The small flat had only one bedroom, even though it housed three occupants, and ever since they had moved in Sabina’s father had slept on a rusty fold out bed placed in a corner of the living room. It remained there constantly, becoming like a standard fixture of the décor, and was only packed away when guests were due to visit. Without being told, Sabina knew when Aunties and Uncles would be arriving for dinner as she’d hear her father cursing under his breath, bent over the iron frame, willing it into the right position so it would fold in half and slide back into its original packaging. Her mother would take the floral china out from a box that sat on top of the freezer and wipe them down, cradling each plate carefully in her slight arms.
Sabina wondered why her parents never slept next to each other like the mothers and fathers she saw on tv, like she was sure her school friend’s parents did. Instead she watched as they passed each other swiftly and silently in the living room and kitchen, like commuters walking to catch different trains, or strangers searching for products in a supermarket aisle.
The only time a collective joy truly seemed to spread throughout their home was in the weeks and days leading up to Sabina’s birthday. Her mother would always bake a special cake, modelling it on what Sabina’s interests were that year. One year there had been a doll shaped cake with a skirt fashioned from icing, and the year Sabina had won first prize on her school project about Gibbons, the top of the cake had a zoo theme- with a lopsided brown monkey the cheeky centrepiece. The process would usually begin days earlier with her mother waiting until Sabina had left for school in the morning with her father. As the small red Datsun would reverse out of the apartment complex, only then would Sabina’s mother pull out the fondant and various utensils.
Now, the day before Sabina’s ninth birthday, the kitchen still seemed full of things that did not matter. Checking after school, Sabina hurriedly inspected the cupboards and fridge, shifting around boxes of cereal, brown onions and containers of left over chicken curry, noting that there were still no eggs. The absence of eggs was an indicator that her mother hadn’t yet started the cake making process, which led her to believe that perhaps this year she would be on the receiving end of a store-bought cake.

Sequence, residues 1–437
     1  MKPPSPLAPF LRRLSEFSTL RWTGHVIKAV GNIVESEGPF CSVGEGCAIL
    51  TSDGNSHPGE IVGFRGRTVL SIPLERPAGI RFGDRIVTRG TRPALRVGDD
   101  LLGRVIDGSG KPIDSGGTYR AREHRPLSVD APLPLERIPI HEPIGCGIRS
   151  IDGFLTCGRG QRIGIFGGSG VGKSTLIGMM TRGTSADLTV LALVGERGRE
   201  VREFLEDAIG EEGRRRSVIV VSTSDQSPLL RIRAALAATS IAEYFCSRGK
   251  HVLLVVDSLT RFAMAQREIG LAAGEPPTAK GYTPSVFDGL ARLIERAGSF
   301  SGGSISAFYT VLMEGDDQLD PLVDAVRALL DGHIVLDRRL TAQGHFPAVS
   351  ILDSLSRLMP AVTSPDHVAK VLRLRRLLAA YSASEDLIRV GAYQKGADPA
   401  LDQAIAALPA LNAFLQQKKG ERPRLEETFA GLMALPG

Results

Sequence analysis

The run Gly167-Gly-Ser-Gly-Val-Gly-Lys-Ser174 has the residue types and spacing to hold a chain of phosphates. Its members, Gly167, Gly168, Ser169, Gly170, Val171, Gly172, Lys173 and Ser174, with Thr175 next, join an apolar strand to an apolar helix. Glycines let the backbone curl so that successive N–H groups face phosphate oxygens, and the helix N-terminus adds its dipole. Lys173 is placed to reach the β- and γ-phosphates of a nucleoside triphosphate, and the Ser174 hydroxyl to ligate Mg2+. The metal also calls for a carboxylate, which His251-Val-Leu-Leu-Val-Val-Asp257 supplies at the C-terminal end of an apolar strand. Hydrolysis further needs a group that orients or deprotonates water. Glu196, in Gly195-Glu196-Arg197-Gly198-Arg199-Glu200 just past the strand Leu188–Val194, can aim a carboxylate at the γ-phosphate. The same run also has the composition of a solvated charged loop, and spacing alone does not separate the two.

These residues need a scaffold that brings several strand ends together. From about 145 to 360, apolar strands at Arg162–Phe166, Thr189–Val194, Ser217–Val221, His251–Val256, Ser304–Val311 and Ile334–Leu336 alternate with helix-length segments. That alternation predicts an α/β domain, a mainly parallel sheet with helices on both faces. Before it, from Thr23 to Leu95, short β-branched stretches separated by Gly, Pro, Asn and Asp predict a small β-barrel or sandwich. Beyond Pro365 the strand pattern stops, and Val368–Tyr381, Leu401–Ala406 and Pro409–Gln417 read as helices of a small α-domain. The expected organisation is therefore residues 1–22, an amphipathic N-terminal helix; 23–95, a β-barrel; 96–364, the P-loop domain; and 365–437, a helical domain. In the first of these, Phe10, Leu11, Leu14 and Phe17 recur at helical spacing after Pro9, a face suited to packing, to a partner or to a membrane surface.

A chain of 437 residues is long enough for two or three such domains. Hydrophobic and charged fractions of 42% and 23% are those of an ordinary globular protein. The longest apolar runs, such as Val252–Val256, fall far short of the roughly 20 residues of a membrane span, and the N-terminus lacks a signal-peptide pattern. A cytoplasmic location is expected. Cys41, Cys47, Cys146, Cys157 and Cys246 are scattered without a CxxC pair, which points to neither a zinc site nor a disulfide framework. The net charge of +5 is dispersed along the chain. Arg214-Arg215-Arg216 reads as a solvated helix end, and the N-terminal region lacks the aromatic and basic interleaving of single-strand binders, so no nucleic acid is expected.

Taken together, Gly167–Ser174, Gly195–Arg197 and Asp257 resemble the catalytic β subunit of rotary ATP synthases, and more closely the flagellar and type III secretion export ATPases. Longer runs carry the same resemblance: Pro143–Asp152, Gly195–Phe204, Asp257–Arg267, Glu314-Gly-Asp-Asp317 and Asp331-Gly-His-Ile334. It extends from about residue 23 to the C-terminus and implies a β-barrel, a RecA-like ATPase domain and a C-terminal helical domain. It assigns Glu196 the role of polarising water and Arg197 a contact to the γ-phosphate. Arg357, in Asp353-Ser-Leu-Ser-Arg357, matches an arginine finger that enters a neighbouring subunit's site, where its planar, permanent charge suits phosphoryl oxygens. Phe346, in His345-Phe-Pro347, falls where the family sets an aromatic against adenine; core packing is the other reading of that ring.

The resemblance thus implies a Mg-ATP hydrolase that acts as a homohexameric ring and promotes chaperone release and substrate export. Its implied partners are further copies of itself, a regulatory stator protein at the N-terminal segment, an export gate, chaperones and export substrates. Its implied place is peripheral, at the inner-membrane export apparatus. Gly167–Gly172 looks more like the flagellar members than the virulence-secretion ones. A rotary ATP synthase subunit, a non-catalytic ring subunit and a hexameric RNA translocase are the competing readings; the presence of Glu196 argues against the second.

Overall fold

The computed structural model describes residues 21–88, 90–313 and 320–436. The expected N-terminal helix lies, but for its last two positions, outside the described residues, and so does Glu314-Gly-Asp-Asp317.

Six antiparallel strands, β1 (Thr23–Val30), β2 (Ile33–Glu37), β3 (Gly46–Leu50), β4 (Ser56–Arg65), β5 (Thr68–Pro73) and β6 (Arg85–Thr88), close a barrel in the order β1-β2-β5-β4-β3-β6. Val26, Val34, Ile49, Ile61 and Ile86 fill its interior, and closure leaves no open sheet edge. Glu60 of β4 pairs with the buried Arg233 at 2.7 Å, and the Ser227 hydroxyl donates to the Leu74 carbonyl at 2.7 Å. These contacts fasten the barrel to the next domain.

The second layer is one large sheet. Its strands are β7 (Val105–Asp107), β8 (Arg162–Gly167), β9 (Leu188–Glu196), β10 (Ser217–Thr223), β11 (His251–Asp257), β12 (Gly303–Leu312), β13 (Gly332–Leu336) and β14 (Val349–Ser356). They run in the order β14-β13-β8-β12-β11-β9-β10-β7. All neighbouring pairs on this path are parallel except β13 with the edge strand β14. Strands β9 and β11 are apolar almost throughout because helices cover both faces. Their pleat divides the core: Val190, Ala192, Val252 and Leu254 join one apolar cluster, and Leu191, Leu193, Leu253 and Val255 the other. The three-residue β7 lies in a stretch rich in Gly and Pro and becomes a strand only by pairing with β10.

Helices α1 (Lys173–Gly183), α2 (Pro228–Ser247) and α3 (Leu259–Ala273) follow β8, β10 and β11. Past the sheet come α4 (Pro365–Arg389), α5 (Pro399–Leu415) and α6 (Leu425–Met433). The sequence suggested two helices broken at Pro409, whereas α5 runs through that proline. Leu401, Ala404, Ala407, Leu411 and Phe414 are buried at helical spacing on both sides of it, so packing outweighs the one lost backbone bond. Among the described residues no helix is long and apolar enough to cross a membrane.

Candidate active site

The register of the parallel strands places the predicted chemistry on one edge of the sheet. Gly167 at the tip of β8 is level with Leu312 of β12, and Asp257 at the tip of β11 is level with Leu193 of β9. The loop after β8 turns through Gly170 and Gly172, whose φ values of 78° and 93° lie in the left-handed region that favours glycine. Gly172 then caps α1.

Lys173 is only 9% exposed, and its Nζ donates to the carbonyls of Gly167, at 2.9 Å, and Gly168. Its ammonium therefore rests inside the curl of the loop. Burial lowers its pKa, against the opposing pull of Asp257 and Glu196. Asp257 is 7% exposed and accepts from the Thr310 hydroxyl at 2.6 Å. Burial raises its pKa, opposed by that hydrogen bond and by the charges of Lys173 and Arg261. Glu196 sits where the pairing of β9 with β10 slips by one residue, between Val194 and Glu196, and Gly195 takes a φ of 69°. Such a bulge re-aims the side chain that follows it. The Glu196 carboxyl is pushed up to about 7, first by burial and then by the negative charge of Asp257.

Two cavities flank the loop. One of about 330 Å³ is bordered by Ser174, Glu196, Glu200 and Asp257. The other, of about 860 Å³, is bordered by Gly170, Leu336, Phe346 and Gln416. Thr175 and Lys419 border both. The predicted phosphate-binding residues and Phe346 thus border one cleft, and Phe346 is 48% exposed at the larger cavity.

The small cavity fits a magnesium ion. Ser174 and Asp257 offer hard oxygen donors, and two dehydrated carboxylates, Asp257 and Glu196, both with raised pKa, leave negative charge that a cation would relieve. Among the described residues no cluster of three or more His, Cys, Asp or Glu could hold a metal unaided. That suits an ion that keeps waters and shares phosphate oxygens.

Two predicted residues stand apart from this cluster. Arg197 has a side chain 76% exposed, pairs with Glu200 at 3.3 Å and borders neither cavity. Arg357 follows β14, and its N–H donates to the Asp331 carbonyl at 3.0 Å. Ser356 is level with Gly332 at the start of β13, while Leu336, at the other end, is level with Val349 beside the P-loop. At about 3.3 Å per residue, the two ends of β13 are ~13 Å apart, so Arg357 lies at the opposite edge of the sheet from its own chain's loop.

The prospect of an outside cake entering their flat was thrilling. Her mother and father didn’t celebrate their own birthdays, so the having an entire birthday cake purchased would be a first. That night Sabina found it difficult to sleep, and as the room grew darker her eyes became larger still, brimming with excitement and curiosity. The midsummer heat had settled in, and her mother insisted on turning the rickety celling fan up to the highest possible setting. As it gathered speed, an incessant whirring sound filled the room, and at the peak of its power, the blades oscillated with such intensity that Sabina was sure the entire structure would rip from the ceiling and slice through the air, decapitating them.
‘Can we turn it down pleeeease?’
‘Don’t be silly Sab,’ her mother placed a clammy hand gently on her forehead ‘You know I can’t stand this heat.’
Having moved from Pakistan to Australia around a decade earlier, her mother had never really learnt to love the Australian summer. ‘It got really hot there too Sab, but this heat is different, there is something about it.’
A few days after her parents had freshly arrived, her mother’s hands still housing the remnants of bridal mehndi, there had been a heatwave. Traditionally new brides were to wear ornate shalwar kameez in the days after marriage, but as her mother found herself alone in the flat during the day, she would strip down to her undergarments and lay down, sweat patches marking crisp bedsheets. Venturing out of the flat one morning, she had decided to cut her hair. Sabina would beg her mother to tell the story over, and over again, thrilled at how brazen she must have been to wander through a foreign town, in search of a hairdresser. How brave it was to cut stylish hair that fell in sweeping black waves all the way down to her hips.